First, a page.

“Well, Lieutenant, if Captain Fargoe had expected there’d be survivors, wouldn’t she have ordered a troop shuttle? They’d carry a couple of hundred people.”

    And they had no way to contact the ship and request it? WHAT??? But that doesn’t make any sense! That may make less sense than the nonsense we already had!

    Even if the record of a colony there was lost you’d expect a new set of explorers to come through that sector at some point.

    Which would be the most plausible way for Pern to remain undiscovered for… good god, it’s really 2000 years? Ooookay. In any event, if we’re going to have any hope of Pern being off the records for a very long time, just plain losing the record of the colony because, hey, there’s a war on seems like the best way to go. Everything else is more implausible. (And what we’ve got may be most implausible of all.)

    why would Kimmer’s hold need that much?

    You’ve stumbled onto the secret of how he was The Source of All Food – he was trading it to the other settlers for food. (Not that that’s a great explanation, but it’s no worse than the canon explanations for things. Though, at this point, using it in magic rituals to summon food out of nowhere would be about as sensible as canon.)

  10. Firedrake October 30, 2016 at 5:31 am

    The problem I see with wiping the Pernese settlement/colonisation record is that it leaves behind a survey record of a dull-but-settleable planet. If you wipe the survey record too, it leaves behind a star that has never been surveyed that’s closer to home than the stars you’re surveying a few thousand years later, so you’d send a survey mission there when resources allow. You’d need a false survey record (“no livable planets, no mineral resources”) to keep people from going there.

  11. genesistrine October 30, 2016 at 5:51 am

    And they had no way to contact the ship and request it?

    Well you see the big ship is round the other side of Rukbat right now. For SCIENCE! reasons. And they didn’t drop a relay satellite or two to stay in contact with the small and presumably lightly-armed group of people investigating a reported alien attack because, well, it was years ago wasn’t it and it’s not like we’re out here looking for enemy alien activity oh whoops we are? Well, let’s see if they’re being active over there on the other side of Rukbat and work on our tans for a few days.

    if we’re going to have any hope of Pern being off the records for a very long time, just plain losing the record of the colony because, hey, there’s a war on seems like the best way to go.

    But again, in the situation as presented I can’t see why the sector wouldn’t be resurveyed if the records were lost. There’s no hint that the original survey was anything more than a sort of fill-in-the-blank-spots-on-the-game-map thing – check out the stars in this area, see how many planets of what type are there and whether there’s anything that might be useful/profitable/interesting either now or in the future around there; so if the records are lost someone would come by eventually to fill in the blanks again. Or colonial expansion would move into the area; Pern is provably survivable since the Kimmer/Fusaiyuki clan survived it; you just need to be able to seal yourself and your livestock in with hydroponics and air filters for 50 years out of 250, or do a quick bit of orbital adjustment to the Red Star. No reason to think some other group wouldn’t think that a minor price to pay for an Earthlike planet. It’s a fixer-upper! In an up-and-coming area! The big interests are moving into the area; there’s a Starbucks only 30 light-years away now.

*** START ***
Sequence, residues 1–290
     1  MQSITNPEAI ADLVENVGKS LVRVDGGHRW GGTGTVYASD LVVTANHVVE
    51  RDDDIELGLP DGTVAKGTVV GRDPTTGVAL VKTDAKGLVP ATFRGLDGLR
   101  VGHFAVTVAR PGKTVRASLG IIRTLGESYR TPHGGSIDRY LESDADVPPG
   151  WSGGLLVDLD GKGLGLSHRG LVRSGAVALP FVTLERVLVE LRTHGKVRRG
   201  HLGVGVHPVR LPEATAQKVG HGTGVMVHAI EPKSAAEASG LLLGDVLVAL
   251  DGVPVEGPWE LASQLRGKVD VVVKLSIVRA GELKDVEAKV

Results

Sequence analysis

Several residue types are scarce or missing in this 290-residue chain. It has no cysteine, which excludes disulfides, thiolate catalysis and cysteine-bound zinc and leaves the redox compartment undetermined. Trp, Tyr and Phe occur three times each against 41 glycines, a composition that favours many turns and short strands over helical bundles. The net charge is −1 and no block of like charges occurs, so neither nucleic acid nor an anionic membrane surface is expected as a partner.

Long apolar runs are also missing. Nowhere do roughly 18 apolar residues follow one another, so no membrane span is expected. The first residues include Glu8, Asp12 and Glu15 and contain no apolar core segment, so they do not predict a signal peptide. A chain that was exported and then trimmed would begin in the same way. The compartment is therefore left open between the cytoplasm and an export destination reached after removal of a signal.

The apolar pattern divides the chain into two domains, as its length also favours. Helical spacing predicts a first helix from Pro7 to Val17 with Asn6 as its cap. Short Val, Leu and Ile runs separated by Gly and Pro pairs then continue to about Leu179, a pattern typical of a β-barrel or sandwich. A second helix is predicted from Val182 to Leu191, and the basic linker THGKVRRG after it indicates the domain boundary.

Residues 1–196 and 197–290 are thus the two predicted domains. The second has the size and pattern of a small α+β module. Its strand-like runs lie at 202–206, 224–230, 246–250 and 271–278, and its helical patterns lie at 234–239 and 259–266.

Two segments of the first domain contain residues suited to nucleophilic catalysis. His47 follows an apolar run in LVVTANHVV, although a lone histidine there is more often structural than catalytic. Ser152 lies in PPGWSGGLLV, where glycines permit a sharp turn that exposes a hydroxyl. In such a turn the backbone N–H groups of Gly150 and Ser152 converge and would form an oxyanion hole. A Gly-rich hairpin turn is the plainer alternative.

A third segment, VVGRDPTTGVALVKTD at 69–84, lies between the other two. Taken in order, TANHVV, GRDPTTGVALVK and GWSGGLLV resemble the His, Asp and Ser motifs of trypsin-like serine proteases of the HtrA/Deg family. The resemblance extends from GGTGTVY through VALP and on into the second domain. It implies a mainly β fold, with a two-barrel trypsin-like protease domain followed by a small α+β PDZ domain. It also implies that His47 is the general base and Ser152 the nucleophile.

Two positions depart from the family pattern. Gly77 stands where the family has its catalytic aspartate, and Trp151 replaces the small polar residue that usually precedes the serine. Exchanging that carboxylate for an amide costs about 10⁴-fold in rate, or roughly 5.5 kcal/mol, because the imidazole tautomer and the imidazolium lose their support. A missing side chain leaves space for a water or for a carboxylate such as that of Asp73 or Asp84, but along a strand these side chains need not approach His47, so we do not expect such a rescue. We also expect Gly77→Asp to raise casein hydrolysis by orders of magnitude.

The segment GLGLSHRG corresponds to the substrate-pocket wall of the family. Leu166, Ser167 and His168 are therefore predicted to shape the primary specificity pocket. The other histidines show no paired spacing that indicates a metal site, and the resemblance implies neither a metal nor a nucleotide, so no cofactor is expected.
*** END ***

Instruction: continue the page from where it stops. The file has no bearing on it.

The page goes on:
I’d like to suggest that the other side won the war, but then again they don’t seem to have visited either, and they must have some interest in the area since the Rescue Run lot were patrolling. So unless both sides knocked each other back to the Stone Age….

    It worked so, so much better before McCaffrey started trying to explain it.

    he was trading it to the other settlers for food.

    Using the teleporter in the basement! I think we’ve got it!

  12. depizan October 30, 2016 at 1:07 pm

    Well you see the big ship is round the other side of Rukbat right now.

    And they can’t wait until it comes back? Just how long an orbital path is the big ship on?

    It worked so, so much better before McCaffrey started trying to explain it.

    This. Bad incoherent explanations are worse than no explanation at all. And Firedrake’s probably got the best solution – clerical error. Whoops, somebody tickied the wrong ticky box on the Pern report. Then, years later, someone reads the report and realizes it got flagged wrong…and then we can have that 2000 years out (Really, McCaffrey?) rediscovery.

    Because, even as incompetent as people in the Pernish future appear to be, this visit should just increase interest in Pern. You’d get people out for money coming straight there for the numbweed and the black diamonds. You’d get scientists coming straight there for the numbweed and the Thread. You’d get settlers with Thread resistant materials for building.

  13. Firedrake October 30, 2016 at 2:56 pm

    depizan – the idea is that the big ship is doing only one pass through the system.

    We know these FSP ships enter the system from a fair way out, because right at the start of The Survey Shavva says that they can’t look at the Oort cloud because they’re coming in normal to the ecliptic.

    That means they’re casually traversing 50,000 AU. It takes light 0.8 of a year to go that far. So the big ship must be using some sort of hyperspace drive just to do these missions in a reasonable time. So what are all these slingshots about?